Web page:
Mapping Public Health Status in India: : Ms. Shailaja Chandra, Executive Director, National Population Stabilisation Fund

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The “Jansankhya Sthirata Kosh” (JSK) (National Population Stabilisation Fund) has been registered as an autonomous Society established under the Societies Registration Act of 1860. JSK has to promote and undertake activities aimed at achieving population stabilisation at a level consistent with the needs of sustainable economic growth, social development and environment protection, by 2045.

The Union Health Minister heads the General Body of the JSK and the Secretaries of the Ministries of Health and Family Welfare, Department of School Education & Literacy, Women and Child Development, Planning Commission, Rural Development, and the State Health Secretaries are members of the General Body of JSK. Besides this the General Body comprises demographers, representatives of Industry & Trade, NGOs, medical and para-medical associations, general citizens, institutions etc. JSK is expected to run as a civil society movement.

What is the main focus of JSK?

JSK was set up in 2003 to promote and support the Schemes, Projects, and initiatives that were to meet the unmet needs for Contraception and Reproductive and Child health.  Rs. 100 crore were put in relief bonds in 2003, and the interest thereon has become available for us to work with.

Please share with us the structure and road map proposed for JSK?

Our memorandum says, civil society has to be involved, if we want to see change.  And for the civil society to get involved, they have to see some actual work being done; which they might feel needs encouragement.

So first and foremost, JSK has to carve a niche area, which goes beyond what governments and NGOs are already doing.

 Our governing board consists of government officers who are supposed to act as umpires and facilitators, and civil society partners which comprises FICCI, CII,renowned NGOs, demographers, preventive medicine experts, medical specialists, paramedics, nurses, so that we get a blend of professionals backed by government, so that no one sector becomes the over-riding interest group.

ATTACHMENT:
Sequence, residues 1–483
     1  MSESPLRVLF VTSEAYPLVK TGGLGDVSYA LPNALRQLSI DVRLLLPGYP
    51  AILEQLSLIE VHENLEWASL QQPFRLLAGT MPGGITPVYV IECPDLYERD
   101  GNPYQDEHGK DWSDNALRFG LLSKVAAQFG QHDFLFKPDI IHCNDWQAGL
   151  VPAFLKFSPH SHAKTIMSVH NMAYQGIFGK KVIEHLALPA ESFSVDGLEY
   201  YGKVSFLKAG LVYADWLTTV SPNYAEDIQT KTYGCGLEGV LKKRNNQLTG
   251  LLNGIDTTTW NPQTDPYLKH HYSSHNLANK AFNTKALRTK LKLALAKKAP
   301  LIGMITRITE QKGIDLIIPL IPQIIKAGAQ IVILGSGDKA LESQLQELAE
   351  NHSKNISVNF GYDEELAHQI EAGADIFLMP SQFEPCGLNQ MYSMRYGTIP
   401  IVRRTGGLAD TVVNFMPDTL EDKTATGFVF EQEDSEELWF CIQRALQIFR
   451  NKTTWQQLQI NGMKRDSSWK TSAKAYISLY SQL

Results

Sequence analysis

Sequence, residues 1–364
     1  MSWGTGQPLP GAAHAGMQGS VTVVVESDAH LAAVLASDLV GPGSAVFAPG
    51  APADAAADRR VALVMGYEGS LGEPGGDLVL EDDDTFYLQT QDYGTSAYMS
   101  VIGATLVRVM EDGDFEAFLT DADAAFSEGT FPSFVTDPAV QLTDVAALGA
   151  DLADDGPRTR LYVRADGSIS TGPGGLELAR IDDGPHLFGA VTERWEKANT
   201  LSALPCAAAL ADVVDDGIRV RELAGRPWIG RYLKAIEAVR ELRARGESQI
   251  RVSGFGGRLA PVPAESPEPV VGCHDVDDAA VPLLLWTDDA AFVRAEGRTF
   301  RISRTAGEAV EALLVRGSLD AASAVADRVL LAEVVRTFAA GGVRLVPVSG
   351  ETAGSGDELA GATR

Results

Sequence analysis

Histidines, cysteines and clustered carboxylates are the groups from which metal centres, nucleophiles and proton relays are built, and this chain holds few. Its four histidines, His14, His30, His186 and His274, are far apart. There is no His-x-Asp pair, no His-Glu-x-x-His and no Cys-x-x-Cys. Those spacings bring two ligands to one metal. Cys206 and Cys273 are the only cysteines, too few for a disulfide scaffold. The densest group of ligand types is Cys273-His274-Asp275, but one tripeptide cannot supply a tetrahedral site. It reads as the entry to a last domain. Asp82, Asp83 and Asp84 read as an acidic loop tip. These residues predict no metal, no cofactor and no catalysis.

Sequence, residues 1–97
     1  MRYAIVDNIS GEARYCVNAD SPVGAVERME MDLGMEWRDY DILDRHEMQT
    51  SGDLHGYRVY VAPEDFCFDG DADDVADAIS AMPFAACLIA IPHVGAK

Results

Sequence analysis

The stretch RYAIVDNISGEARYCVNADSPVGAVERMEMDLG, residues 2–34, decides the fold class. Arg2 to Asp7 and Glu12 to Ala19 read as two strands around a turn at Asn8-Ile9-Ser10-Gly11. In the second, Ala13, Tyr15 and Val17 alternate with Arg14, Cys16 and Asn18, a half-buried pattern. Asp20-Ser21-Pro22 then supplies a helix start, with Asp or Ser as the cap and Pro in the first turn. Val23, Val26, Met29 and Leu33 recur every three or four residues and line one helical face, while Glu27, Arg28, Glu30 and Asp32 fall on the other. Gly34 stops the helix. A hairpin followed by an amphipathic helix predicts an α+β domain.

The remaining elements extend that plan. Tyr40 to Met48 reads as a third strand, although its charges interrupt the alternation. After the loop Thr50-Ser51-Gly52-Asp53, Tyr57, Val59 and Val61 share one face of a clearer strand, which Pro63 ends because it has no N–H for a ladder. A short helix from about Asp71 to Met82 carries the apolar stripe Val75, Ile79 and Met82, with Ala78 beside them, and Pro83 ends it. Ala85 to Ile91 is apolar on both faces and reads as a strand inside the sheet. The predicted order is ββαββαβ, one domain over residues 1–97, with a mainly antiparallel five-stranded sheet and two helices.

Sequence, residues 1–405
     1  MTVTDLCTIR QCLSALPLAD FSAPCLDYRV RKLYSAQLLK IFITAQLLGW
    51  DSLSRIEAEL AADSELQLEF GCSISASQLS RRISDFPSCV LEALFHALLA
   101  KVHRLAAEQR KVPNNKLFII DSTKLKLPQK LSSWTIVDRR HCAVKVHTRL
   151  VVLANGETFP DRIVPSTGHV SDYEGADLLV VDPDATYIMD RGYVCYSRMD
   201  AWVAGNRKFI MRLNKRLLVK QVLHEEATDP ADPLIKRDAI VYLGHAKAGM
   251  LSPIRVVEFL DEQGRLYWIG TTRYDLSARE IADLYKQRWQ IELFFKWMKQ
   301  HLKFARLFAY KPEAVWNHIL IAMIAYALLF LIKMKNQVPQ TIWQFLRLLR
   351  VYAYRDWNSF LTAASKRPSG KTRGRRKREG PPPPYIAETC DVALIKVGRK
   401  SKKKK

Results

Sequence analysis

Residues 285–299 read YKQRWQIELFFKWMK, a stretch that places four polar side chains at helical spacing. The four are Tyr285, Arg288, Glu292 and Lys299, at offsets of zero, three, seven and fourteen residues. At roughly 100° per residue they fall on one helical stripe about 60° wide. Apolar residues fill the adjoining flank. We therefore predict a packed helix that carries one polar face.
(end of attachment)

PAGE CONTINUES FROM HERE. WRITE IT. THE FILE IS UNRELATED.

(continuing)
What prompted you into taking up this novel initiative of mapping of health facilities using GIS maps?

We are supposed to raise donations and resources for which we’ve been given 100% tax exemption. But you cannot raise resources till you yourself show that you are capable of using resources. So in the last one-year we had to plan initiatives and start implementing them because no one will take you seriously till you show something on the ground. And I must say that we have been supported very strongly by our governing board. They have allowed JSK to be as innovative as we wished.

What kind of response have you seen in the different parts of the country after your GIS mapping initiative?

The purple areas on the GIS maps show areas where nobody has been working not even the NGOs. (On the other hand) I have visited talukas where people want to get a vasectomy done but don’t know where to go. If we give the service they come in large numbers. On one day in Gujarat in one district alone, they had done 1000 vasectomy operations. The motivators in these places were ANMs, anganwadi workers, self-help group people, peons and sweepers in the primary health centres. The health secretary was very encouraging which motivated them enormously.

The response we got in Gujarat was spectacular, MP was also very good, some parts of Rajasthan have also shown some initiative, but other northern states have not taken off…